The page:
a picture of John Lydgate with the initials of the
The Testament of John Lydgate:
Long Melford Verses

HomeAbout the ArchiveAbout John LydgateWorksManuscriptsAbout this ManuscriptEditorial ApparatusContactVisualization

South Wall (View Model)
First PanelSecond PanelThird PanelFourth PanelFifth PanelSixth PanelSeventh Panel

First Panel
Compare Witnesses:
Now in the name of oure lord ihesus
of right hool herte & in oure1 best entent
oure lyf remembryng froward and vicious
ay contrarye to the comaundement
of crist ihesu now wyth avisement
the lord beseching [..]2 mercy and pete
oure youthe & age that we have myspent
wyth this woord mercy knelyng on oure kne3
  1. Although “r” on the painted panels of the chapel is consistently written with an otiose mark when it concludes a word, the mark here is rendered more heavily and with a dot indicating suspension above the r. This rendering as “oure” is a linguistic outlier for the area based on the electronic Linguistic Atlas of Late Medieval English’s linguistic profiles for “oure,” “our,” and “oure.” See eLALME's User Defined Maps for more information. Unfortunately the current online version (as of 6 December 2022) does not allow direct linking between static dotmaps and linguistic profiles.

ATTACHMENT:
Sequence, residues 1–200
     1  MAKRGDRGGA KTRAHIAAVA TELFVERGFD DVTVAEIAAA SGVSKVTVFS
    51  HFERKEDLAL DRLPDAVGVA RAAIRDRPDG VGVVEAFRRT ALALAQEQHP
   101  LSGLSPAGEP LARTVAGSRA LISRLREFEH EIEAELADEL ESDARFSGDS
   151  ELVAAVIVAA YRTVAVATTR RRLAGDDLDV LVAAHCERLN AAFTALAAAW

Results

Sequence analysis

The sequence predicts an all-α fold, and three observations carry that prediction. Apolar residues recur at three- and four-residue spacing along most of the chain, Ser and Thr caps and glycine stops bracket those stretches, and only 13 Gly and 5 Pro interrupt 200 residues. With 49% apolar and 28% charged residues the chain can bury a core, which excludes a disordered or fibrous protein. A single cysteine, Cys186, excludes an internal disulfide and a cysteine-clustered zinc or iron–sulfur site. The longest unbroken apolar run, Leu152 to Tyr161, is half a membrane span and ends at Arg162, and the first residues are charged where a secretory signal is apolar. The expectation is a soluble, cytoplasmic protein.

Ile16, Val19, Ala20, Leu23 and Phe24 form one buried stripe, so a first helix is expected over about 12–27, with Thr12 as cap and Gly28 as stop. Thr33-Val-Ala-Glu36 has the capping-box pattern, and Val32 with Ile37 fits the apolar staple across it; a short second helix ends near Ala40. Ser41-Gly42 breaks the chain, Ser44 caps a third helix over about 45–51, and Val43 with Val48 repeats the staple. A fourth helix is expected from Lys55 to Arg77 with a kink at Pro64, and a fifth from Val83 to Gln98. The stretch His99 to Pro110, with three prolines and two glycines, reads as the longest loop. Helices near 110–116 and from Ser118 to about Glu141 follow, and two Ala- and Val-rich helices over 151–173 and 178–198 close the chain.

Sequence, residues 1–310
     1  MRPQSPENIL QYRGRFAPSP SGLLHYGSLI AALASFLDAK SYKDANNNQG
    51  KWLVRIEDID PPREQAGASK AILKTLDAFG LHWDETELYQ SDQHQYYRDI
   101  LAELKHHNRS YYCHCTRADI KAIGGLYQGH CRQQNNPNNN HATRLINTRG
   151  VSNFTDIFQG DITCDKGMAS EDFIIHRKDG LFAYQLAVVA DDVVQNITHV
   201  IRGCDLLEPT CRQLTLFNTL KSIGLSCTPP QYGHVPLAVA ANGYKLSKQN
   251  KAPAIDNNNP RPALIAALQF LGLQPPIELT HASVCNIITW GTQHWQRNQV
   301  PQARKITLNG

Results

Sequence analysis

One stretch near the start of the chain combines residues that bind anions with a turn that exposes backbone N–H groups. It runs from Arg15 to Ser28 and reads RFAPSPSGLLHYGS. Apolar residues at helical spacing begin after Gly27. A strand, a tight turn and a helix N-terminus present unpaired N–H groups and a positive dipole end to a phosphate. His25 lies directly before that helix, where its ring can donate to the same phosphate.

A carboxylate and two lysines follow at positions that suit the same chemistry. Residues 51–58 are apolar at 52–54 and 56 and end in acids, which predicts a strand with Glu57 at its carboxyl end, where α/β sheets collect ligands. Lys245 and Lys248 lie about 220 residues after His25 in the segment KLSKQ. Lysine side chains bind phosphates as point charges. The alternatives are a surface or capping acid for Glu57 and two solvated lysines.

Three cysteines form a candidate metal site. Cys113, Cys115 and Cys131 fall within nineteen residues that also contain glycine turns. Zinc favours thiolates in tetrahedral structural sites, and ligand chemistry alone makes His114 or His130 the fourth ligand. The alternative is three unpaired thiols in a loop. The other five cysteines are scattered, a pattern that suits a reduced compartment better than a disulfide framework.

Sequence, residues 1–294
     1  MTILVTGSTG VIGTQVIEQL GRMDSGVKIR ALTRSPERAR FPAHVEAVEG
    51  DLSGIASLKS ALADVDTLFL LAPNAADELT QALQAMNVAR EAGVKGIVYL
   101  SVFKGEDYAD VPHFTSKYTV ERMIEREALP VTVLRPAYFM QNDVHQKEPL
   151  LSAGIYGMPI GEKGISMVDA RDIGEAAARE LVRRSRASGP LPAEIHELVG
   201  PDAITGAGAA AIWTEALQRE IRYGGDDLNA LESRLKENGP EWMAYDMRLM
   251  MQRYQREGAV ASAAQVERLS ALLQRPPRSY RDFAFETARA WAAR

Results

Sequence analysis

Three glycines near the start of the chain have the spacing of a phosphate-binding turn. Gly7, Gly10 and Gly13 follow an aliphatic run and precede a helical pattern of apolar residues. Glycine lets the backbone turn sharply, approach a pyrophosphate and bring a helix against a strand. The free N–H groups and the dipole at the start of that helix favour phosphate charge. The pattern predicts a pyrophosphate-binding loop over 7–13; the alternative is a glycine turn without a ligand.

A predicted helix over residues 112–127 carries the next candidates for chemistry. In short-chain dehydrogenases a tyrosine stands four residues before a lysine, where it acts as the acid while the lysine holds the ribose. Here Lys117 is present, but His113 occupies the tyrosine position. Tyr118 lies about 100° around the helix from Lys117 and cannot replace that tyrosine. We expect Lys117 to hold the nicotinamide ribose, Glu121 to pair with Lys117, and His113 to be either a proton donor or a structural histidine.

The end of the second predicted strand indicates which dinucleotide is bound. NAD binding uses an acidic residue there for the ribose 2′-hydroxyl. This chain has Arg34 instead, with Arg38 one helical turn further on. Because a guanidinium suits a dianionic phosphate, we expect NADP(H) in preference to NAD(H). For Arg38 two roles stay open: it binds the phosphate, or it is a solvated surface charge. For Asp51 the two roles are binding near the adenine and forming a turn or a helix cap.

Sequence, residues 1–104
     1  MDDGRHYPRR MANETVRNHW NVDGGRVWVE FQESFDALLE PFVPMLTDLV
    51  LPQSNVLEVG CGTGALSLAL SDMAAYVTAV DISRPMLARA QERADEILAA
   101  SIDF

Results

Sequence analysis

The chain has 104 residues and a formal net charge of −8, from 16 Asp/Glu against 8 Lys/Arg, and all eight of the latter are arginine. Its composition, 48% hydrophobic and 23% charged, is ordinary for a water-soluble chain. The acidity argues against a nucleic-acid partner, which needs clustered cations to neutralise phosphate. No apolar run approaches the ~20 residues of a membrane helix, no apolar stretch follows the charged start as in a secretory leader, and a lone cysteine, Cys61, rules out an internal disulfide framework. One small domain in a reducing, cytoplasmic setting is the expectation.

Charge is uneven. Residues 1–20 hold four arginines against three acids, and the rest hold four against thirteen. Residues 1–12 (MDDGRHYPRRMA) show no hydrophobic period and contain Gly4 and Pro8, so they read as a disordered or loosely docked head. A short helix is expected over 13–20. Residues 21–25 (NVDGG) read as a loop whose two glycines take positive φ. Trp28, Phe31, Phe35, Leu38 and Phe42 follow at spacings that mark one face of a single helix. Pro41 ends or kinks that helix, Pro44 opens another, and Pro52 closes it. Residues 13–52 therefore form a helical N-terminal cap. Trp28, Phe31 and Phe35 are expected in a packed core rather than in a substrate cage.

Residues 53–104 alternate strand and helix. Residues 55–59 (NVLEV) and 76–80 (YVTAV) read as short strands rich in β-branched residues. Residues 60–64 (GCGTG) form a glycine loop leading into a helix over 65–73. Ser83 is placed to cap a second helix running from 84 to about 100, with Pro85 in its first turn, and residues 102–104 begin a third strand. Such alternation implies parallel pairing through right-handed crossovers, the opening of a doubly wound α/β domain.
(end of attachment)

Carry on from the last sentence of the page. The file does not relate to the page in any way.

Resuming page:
2. Trapp suggests "of" here, which fits the space in a way that MacCracken's "in thyn" will not, but it does not seem to fit the admittedly paltry remnants of the text. "In" seems the likely word here, but the text is too damaged to definitively state that this is the case.
  3. This change occurs only in the Clopton verses.